In the 1971 Paramount picture, 'Let’s Scare Jessica To Death', Broadway star Zohra Lampert, best known at the time for her Ocean Spray Cranapple juice commercials, was credited for playing Jessica with more method than madness. Did Jessica imagine hearing voices in the cemeteries or were someone trying to scare Jessica to death? Shot on location in New England, the psychological drama 'Let's Scare Jessica To Death' sought to explore the supernatural doings which terrified a woman who was recovering from a severe nervous breakdown.

Leaving the Big Apple for the good, clean, unpolluted air of rural Connecticut, Jessica, Duncan (played by Barton Heyman), a bass player with the New York Philharmonic and Woody (played by Kevin O’Connor) moved into a creepy old house still haunted by the death of a 20-year-old girl drowned in 1880. Bernard Drew of 'Free Press-Gannett Service' continued, "'Let's Scare Jessica To Death' is a horror film. It sets out to scare you and it scares you, it contrives to keep you guessing. John Hancock, known mainly for his work in the theater and screenwriters Norman Jonas and Ralph Rose, have played fair. The hints are dropped all along, even at the beginning, and if you're not alert enough to pick them up, that's your problem."

Donald Miller of the 'Pittsburgh Post-Gazette' added, "After the first 10 minutes of 'Let's Scare Jessica To Death', I thought director John Hancock was into something – if not a new genre, then perhaps something as arresting as 'The Cat People'. The color scenes of an old Connecticut farmhouse and its cove in autumnal dress are beautiful. Hancock clearly has an eye for film and shows great potential, even if his pace is too slow in the beginning." John Hancock's first film reportedly impressed producers Richard Zanuck and David Brown.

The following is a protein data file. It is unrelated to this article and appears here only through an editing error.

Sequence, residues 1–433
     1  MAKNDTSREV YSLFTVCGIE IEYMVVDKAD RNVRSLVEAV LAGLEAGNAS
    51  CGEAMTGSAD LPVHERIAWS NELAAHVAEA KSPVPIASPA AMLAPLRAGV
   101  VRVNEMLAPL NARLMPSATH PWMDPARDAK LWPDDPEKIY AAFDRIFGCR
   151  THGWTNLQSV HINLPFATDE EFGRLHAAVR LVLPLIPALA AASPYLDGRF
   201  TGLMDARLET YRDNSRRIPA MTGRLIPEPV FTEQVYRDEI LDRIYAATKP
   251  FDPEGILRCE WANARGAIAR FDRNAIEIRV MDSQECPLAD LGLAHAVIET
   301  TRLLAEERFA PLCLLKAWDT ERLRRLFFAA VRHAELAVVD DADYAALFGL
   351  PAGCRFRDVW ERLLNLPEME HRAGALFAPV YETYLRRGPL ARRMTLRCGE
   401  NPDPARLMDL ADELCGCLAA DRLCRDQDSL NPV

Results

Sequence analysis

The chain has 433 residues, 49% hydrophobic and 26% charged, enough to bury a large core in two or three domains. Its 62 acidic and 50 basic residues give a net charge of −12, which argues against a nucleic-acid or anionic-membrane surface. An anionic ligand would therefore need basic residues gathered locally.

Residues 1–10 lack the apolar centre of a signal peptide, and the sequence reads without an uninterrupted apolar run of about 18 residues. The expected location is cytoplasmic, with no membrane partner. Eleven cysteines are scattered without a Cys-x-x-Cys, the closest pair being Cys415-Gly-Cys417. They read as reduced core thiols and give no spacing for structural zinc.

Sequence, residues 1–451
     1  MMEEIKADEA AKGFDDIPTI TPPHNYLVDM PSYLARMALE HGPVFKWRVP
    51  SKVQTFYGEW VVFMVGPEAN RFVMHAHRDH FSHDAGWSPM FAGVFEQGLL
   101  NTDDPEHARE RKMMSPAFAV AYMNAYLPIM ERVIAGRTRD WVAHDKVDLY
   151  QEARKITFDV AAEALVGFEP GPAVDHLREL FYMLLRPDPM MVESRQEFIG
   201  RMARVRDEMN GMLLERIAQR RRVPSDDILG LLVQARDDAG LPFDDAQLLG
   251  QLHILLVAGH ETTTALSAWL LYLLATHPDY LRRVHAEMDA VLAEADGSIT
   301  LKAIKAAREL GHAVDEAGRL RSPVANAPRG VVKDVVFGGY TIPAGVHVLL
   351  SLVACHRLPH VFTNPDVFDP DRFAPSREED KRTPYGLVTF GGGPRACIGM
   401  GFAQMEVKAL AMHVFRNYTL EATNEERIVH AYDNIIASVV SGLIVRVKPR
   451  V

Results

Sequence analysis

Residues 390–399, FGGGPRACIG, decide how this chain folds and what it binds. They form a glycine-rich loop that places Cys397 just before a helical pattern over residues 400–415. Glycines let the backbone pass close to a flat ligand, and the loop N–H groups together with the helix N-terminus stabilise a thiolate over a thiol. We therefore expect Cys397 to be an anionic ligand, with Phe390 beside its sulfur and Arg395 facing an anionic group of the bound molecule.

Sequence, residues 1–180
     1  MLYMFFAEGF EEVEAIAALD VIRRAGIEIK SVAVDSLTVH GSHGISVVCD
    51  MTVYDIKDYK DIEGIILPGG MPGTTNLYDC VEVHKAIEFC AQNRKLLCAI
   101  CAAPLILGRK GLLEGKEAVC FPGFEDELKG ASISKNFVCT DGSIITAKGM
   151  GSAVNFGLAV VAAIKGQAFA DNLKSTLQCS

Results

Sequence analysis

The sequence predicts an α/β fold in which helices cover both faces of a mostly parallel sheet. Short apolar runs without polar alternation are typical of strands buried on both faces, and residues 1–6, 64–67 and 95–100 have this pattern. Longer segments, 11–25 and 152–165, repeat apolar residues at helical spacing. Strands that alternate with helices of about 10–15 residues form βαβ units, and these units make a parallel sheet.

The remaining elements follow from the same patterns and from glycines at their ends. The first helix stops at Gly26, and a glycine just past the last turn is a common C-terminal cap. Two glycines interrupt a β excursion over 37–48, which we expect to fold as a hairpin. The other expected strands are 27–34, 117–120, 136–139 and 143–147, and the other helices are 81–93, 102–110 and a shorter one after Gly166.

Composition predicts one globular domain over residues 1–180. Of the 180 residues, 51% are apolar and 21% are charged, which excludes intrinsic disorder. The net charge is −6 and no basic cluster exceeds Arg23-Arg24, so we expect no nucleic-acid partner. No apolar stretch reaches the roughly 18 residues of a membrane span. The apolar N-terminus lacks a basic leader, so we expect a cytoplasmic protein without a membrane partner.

Based loosely on Joseph Sheridan Le Fanu’s 1872 'Carmilla', John Hancock elaborated in an interview, "'Jessica' had those sorts of roots. I thought a lot about (Henry James') 'The Turn of the Screw' and the idea that this woman didn't know whether any of this was actually happening or not. I was living in a place called Sneedon's Landing at the time and working on it at night in my study and it really got under my skin. 

"I was so excited to hear the film was coming out on DVD. It’s been almost impossible to find even VHS copies for awhile. The parts that scared me turned out to be the parts that scared the audience and I was very pleased with that. 'Jessica' came after a trip to San Francisco and a lot of my acting company were really into acid trips and the whole hog farm thing. I really got sick of it. I was in my 30s by now and I was a little bit beyond that whole lifestyle. 

"I think I had the sense too of an era starting to pass away, Altamont and all that. There’s a lot of the death of the hippie movement and the counterculture in 'Jessica'. There hadn’t been a really successful scary adult picture in a long time when 'Jessica' opened thing and it opened really big in New York and made a lot of things possible for me. 

"Another picture that really influenced me was Robert Wise' 'The Haunting' with Julie Harris. It made me just love the idea of a neurotic female lead. I had heard a rumor that Robert Evans was going to remake it, you know, just grab the title and make an unrelated picture and that worried me some. I’d hate to see something like that happen. Another aspect though that definitely came from me and that I've always loved about 'Jessica' is that the picture was set on an apple farm. 

"That's something you see in a lot of my films. It's something I’ve always come back to. When I was born my parents bought an apple farm. I remember the shed full of equipment and watching my father spray the apples with pesticides. I didn’t realize until the picture was done but 'Jessica' offered sort of a child's view of a visit to a scary farm. There were other elements that came from my life. My mother was a redhead like Mariclare Costello who plays Emily and my father really did play bass and lugged the thing around in this huge coffin-like box."